The literature, activities and announcements on board harp on these stereotypes, and while no one was outright homophobic, it was generally assumed that everyone aboard was "normal", ie straight and aligned with the gender binary.
In the middle of our cruise, there was a game show, based on an actual TV game show, called "Love and Marriage", held in the theatre. It was here that Tats and I elected to challenge the somewhat stifling straight culture that surrounded us.
Wedged in between two newlyweds and a husband and wife who had been together for over forty years, Tats and I representated "mid range" (over five years and under 20). We were also the only lesbian couple, and -- I suspect -- probably the only LGBTQ couple they've ever had on the ship's show. As a result largely of this latter fact, we found we gained considerable fame and notoriety; for the remainder of the cruise we kept getting "recognized" wherever we went. This consisted largely of people coming up to us with a big, friendly smile and telling us how much they had enjoyed our performance, and the occasional person yelling, “sing in Russian!“ across a room at Tats, because of a response I had given to one of the questions asked during the game show.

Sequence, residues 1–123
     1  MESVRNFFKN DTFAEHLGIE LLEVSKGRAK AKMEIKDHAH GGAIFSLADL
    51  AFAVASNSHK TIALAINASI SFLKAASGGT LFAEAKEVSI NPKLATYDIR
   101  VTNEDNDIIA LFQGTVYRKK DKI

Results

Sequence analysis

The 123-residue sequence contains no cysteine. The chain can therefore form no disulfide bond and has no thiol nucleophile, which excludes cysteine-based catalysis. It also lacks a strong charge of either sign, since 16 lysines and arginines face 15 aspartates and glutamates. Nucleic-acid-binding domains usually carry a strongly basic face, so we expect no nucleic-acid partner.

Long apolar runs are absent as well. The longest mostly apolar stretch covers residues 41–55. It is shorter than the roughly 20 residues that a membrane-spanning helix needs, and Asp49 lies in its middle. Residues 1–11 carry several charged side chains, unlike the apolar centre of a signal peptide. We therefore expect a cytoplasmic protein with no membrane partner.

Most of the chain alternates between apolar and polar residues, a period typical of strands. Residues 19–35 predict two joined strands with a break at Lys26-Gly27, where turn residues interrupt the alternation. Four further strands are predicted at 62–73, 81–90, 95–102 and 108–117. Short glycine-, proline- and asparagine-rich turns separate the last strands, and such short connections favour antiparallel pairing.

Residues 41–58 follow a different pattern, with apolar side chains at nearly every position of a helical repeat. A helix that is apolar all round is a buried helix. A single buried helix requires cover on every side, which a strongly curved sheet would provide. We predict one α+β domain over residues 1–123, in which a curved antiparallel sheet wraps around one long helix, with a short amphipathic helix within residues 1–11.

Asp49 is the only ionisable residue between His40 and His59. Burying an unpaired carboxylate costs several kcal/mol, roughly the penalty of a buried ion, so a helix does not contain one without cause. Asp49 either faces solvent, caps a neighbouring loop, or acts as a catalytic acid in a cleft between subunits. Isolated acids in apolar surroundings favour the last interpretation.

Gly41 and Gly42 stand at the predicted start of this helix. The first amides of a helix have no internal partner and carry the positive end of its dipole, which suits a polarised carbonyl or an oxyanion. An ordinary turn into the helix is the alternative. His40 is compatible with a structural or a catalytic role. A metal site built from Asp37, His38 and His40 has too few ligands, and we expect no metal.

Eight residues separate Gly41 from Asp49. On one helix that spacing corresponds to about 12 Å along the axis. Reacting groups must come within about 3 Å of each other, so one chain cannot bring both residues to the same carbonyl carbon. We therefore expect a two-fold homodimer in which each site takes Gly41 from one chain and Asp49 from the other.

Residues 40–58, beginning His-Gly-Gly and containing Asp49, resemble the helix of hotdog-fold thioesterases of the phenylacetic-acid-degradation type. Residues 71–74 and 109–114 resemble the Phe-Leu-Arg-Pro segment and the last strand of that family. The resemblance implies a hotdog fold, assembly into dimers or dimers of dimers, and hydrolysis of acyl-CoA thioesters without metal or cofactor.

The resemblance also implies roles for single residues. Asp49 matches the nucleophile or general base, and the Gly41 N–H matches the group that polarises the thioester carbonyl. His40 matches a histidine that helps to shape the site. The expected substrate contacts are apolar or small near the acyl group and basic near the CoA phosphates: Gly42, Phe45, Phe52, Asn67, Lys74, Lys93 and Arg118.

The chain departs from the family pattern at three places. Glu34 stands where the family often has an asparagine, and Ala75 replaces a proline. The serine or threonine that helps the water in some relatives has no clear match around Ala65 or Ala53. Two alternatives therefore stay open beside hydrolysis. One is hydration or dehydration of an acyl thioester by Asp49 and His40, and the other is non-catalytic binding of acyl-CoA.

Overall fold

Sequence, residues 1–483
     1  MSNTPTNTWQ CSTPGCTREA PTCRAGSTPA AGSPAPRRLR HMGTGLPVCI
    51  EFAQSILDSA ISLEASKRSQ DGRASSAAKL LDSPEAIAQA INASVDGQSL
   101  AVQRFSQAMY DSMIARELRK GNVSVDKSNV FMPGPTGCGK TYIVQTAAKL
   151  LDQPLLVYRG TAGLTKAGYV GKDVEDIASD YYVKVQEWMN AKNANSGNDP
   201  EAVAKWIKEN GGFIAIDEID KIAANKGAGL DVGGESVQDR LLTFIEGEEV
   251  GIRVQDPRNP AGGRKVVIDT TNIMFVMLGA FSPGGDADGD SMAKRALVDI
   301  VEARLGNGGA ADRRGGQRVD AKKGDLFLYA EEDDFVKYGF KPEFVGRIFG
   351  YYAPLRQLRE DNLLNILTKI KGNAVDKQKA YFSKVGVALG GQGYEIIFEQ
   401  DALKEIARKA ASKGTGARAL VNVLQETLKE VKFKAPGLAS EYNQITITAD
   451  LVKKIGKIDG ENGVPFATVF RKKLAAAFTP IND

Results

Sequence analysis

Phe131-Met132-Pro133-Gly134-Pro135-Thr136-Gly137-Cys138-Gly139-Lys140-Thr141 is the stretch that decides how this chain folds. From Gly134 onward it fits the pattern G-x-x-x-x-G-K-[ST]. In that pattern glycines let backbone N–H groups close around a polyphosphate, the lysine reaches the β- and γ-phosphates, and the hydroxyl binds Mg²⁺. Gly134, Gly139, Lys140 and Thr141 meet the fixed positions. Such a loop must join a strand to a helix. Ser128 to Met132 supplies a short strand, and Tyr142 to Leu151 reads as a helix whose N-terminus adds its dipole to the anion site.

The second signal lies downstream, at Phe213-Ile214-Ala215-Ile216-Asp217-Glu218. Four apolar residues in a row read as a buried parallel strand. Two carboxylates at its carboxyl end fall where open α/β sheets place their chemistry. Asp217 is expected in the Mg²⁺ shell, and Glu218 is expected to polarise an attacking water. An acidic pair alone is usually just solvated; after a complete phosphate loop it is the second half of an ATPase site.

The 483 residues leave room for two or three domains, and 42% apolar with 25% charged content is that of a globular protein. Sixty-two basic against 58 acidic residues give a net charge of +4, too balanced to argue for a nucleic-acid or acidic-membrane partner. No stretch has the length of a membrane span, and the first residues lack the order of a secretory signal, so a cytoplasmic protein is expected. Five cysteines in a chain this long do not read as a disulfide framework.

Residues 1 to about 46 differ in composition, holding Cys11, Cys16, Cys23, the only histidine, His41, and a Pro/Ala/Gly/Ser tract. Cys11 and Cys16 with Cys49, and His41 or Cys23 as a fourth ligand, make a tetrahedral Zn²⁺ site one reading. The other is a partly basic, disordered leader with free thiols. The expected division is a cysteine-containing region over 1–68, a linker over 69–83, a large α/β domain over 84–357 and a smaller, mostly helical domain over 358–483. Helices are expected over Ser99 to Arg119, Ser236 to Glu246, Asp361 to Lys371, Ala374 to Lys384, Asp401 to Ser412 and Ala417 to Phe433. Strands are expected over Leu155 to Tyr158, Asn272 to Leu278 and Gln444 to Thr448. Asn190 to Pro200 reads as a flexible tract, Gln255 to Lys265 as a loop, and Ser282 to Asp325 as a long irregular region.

While it was a little disconcerting to be thrust into the public eye like that, it was in some ways a not altogether unfamiliar feeling. As a parent of monozygotic twins, I've become accustomed some level of notoriety (this was especially true when Alex and Simon were small and more easily recognizable as a “pair”).